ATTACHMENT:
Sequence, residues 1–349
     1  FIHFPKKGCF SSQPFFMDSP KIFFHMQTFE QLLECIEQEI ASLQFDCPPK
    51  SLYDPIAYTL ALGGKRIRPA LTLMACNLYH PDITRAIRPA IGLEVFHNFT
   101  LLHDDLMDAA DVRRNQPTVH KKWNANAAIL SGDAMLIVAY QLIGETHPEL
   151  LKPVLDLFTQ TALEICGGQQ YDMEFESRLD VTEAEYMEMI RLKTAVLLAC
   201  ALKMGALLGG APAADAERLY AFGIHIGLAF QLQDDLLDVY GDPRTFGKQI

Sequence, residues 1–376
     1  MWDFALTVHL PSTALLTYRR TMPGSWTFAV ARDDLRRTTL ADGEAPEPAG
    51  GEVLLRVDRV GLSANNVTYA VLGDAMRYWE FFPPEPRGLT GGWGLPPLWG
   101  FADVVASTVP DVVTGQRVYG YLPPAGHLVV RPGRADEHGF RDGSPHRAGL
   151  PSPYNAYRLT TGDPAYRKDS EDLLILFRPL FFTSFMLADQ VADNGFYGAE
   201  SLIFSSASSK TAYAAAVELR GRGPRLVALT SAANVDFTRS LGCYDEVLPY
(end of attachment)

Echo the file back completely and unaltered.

Sequence, residues 1–349
     1  FIHFPKKGCF SSQPFFMDSP KIFFHMQTFE QLLECIEQEI ASLQFDCPPK
    51  SLYDPIAYTL ALGGKRIRPA LTLMACNLYH PDITRAIRPA IGLEVFHNFT
   101  LLHDDLMDAA DVRRNQPTVH KKWNANAAIL SGDAMLIVAY QLIGETHPEL
   151  LKPVLDLFTQ TALEICGGQQ YDMEFESRLD VTEAEYMEMI RLKTAVLLAC
   201  ALKMGALLGG APAADAERLY AFGIHIGLAF QLQDDLLDVY GDPRTFGKQI

Sequence, residues 1–376
     1  MWDFALTVHL PSTALLTYRR TMPGSWTFAV ARDDLRRTTL ADGEAPEPAG
    51  GEVLLRVDRV GLSANNVTYA VLGDAMRYWE FFPPEPRGLT GGWGLPPLWG
   101  FADVVASTVP DVVTGQRVYG YLPPAGHLVV RPGRADEHGF RDGSPHRAGL
   151  PSPYNAYRLT TGDPAYRKDS EDLLILFRPL FFTSFMLADQ VADNGFYGAE
   201  SLIFSSASSK TAYAAAVELR GRGPRLVALT SAANVDFTRS LGCYDEVLPY